West Virginia Law Review

Document Type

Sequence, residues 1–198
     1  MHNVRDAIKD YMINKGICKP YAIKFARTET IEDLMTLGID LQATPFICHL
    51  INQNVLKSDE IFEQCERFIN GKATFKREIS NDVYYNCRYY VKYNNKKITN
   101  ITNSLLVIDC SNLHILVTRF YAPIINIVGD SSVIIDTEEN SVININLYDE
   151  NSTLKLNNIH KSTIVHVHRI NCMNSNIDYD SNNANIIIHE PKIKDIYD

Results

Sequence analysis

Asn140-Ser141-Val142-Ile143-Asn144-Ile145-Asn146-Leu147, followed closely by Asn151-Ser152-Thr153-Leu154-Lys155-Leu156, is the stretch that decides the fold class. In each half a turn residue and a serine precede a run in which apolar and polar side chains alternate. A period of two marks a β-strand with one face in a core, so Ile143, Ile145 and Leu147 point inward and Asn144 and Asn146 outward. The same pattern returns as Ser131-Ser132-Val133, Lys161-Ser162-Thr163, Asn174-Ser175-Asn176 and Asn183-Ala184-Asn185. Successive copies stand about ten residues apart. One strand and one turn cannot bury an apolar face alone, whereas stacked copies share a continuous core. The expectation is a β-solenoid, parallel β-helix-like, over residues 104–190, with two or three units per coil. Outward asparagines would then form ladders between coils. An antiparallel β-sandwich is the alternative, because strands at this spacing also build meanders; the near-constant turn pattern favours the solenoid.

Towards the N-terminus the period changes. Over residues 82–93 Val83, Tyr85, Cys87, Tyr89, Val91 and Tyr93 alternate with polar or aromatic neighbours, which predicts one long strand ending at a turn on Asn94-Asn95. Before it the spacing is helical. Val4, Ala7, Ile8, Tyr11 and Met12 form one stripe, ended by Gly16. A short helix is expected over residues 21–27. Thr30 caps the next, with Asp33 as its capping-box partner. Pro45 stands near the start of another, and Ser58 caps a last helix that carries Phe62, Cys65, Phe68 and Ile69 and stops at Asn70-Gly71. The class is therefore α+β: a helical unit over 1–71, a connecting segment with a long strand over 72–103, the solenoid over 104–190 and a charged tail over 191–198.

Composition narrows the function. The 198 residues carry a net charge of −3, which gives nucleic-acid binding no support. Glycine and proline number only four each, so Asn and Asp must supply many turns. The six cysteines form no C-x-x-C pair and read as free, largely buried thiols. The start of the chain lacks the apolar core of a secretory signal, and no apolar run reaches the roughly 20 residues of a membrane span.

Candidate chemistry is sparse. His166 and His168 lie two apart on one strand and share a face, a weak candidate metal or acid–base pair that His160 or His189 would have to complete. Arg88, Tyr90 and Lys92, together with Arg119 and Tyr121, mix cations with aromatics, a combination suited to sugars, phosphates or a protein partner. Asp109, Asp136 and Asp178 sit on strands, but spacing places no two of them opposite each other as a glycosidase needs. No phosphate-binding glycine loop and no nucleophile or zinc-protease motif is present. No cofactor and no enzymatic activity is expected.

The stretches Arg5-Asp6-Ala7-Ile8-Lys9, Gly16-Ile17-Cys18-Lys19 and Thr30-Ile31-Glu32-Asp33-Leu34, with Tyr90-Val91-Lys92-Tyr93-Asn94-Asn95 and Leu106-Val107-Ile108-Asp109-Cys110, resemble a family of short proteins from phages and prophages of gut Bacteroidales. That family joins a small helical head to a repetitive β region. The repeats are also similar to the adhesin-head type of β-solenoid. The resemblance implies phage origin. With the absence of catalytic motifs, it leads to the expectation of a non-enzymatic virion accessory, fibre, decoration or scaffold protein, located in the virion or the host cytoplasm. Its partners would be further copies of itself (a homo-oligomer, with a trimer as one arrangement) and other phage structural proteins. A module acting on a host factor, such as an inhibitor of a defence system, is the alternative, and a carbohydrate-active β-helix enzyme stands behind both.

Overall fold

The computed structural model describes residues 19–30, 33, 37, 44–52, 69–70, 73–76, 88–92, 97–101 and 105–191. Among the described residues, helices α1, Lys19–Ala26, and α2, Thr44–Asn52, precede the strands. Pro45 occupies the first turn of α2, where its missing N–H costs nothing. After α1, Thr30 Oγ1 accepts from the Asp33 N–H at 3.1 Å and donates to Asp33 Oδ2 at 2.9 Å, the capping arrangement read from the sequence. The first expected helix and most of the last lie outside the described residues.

Under federal securities laws and regulations, public companies must disclose to investors a considerable amount of information about their risk management processes to limit losses. In contrast, these companies need not disclose virtually anything about their strategic management processes to gen- erate gains. This mismatch in disclosure gives investors a distorted sense of firm processes to create value, undermining the federal securities laws' central purpose of creating informed investors. It also signals that risk management processes, which are cast in disclosure sunlight, are more important to firm success than strategic management processes, which remain in the shadows. To address these concerns, I propose that public firms be required to disclose those qualities of their strategic management processes that are equiv- alent to what those firms disclose about their risk management processes. I also propose that firms disclose how those two processes work together to create value. This new disclosure would encourage firms to design and implement their risk and strategic management processes in an integrated, holistic fashion, consistent with Enterprise Risk Management. It would also reinforce the reality that the path to long-term success for a firm lies not merely with managing its risks, but also with formulating and implementing an effective strategy for growth-a process that unfortunately may suffer from neglect amidst the box- checking exercise that flows from compliance with scores of risk-based regula- tions.



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